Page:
Researchers have discovered that cave paintings were used by Ice Age hunter-gatherers as a means of documenting important information about their surroundings.
Animal reproduction cycles and other information about wild animals were recorded using symbolic marks, which date back to approximately twenty thousand years ago. Interestingly, it was a furniture conservator, Ben Bacon, in the UK who discovered the first finding.
Before presenting his theory to academics, amateur independent researcher Ben Bacon spent numerous hours poring over various cave paintings and evaluating data.
In the Cambridge Archaeological Journal, he published an article with two professors, Paul Pettitt and Robert Kentridge, from Durham University. These professors were Bacon’s collaborators on the project.
Throughout Europe, caves have been discovered particularly with paintings of fish and bison. In addition to the images, scientists have discovered unexplained dots and various types of markings in over six hundred Ice Age images on cave walls and portable artifacts.
For a long time, archaeologists had assumed these symbols meant something, but nobody knew for sure until Bacon came along.
“The meaning of the markings within these drawings has always intrigued me, so I set about trying to decode them, using a similar approach that others took to understanding an early form of the Greek text,” Bacon, who has an English degree, told BBC. “I amassed as much data as possible and began looking for repeating patterns.”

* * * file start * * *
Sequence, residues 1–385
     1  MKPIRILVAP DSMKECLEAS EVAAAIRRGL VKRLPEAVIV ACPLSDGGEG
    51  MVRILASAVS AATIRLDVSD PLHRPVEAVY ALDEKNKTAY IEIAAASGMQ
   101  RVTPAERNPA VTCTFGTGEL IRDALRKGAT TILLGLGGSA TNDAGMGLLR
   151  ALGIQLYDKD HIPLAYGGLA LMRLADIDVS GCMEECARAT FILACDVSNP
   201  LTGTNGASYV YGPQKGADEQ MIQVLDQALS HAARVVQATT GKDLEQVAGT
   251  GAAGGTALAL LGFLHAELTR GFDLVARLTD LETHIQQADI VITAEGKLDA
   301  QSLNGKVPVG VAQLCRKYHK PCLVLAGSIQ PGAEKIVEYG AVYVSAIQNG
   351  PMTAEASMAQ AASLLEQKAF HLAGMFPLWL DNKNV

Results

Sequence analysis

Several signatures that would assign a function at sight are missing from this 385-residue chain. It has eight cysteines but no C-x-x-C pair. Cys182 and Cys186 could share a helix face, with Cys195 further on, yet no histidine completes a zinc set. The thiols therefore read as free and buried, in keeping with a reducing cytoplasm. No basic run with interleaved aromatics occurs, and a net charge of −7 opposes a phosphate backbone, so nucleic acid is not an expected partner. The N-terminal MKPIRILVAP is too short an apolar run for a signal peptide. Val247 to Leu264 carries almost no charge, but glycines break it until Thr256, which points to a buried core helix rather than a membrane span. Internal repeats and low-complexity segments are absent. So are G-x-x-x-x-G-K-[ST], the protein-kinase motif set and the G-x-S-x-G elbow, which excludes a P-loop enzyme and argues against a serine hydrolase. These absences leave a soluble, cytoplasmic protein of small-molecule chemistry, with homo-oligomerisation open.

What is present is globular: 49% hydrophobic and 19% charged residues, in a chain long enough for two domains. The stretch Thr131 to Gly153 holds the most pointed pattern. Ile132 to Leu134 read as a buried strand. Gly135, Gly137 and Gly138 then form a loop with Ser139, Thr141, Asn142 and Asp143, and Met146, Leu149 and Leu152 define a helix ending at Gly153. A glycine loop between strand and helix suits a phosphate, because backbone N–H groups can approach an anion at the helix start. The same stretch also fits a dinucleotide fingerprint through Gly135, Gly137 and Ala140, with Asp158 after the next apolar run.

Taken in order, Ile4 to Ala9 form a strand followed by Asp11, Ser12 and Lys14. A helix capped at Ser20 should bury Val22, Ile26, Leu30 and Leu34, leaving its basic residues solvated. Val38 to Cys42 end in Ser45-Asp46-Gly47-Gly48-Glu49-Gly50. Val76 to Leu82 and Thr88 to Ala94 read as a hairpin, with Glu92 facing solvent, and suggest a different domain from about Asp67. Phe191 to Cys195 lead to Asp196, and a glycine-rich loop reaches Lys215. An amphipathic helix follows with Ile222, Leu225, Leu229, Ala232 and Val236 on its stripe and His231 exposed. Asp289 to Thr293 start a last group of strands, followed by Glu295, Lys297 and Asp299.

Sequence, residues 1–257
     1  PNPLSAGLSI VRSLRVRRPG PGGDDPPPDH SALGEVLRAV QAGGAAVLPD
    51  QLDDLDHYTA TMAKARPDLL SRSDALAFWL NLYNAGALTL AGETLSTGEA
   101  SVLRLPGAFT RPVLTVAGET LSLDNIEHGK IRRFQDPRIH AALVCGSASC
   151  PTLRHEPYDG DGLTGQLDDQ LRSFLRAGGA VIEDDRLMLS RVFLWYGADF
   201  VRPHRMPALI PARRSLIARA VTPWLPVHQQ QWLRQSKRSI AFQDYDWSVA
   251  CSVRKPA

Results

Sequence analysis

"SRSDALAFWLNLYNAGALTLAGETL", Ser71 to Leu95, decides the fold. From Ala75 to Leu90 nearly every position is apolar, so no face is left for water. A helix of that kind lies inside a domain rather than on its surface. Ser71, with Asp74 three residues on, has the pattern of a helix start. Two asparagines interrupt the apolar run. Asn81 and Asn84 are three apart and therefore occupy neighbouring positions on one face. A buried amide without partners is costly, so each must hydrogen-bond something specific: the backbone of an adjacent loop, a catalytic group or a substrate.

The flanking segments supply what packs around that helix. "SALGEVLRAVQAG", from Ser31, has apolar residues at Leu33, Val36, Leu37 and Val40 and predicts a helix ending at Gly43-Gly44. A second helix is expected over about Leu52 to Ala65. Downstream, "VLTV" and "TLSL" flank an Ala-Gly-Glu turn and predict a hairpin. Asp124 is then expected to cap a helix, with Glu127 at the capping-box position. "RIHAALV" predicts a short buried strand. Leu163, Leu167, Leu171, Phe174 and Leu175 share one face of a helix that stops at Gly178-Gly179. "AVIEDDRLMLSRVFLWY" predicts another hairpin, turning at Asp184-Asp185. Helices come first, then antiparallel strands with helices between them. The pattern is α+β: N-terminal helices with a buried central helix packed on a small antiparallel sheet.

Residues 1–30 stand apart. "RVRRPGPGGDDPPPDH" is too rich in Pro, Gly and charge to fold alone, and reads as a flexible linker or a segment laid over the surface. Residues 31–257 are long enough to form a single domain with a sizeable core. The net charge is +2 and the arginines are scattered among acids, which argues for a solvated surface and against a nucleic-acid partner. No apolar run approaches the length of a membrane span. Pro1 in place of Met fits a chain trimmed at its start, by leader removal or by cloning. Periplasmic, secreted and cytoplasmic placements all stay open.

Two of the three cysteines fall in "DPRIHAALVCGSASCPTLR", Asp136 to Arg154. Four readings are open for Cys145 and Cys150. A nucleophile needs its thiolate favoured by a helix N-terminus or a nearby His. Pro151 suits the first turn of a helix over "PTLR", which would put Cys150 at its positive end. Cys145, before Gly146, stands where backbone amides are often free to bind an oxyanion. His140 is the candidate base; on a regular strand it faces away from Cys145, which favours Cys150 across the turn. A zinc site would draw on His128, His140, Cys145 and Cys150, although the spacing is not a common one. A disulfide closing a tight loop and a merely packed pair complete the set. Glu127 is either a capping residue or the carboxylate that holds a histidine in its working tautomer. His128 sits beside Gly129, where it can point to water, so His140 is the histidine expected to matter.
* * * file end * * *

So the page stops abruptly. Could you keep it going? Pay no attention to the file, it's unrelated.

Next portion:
Understanding markings of the Ice Age writing system
A amateur archaeologist recently discovered an ice age European proto-writing system. Depicted here.
"The results show that Ice Age hunter-gatherers were the first to use a systematic calendar and marks to record information about major ecological events within that calendar." pic.twitter.com/HuVpZJsqS5
— Nrken19 (@nrken19) January 6, 2023
When researchers counted the number of dots and lines in sequences across hundreds of cave paintings, they found that the maximum number of markings in any one series was thirteen. This is in keeping with the traditional lunar month, which has thirteen months.
We speculate these sequences are communicating information about the pertinent animal species in the form of months.
Mark sequences connected with various animals have been studied, and the results imply that there are relationships between the number of markings and the lunar months during which those animals are known to mate.
Researchers took this idea a step further and suggested that the presence of a “Y” sign, created by joining two slanted lines, indicated “giving birth.” This indicates that hunter-gatherers were keeping track of the mating seasons of various animals, perhaps to better coordinate their own movements and increase their chances of catching prey.
“To say that when Ben contacted us about his discovery was exciting is an understatement,” Pettitt told BBC. “I am glad I took it seriously. This is a fascinating study that has brought together researchers with expertise in archaeology and visual psychology to decode information first recorded thousands of years ago.”
A “proto-writing system,” as Pettitt and his colleagues call it, is a symbolic writing system that predates a fully developed one like a modern alphabet.
The results have encouraged researchers to keep digging in hopes of uncovering more signs that might help them determine what types of information our ancestors considered most important.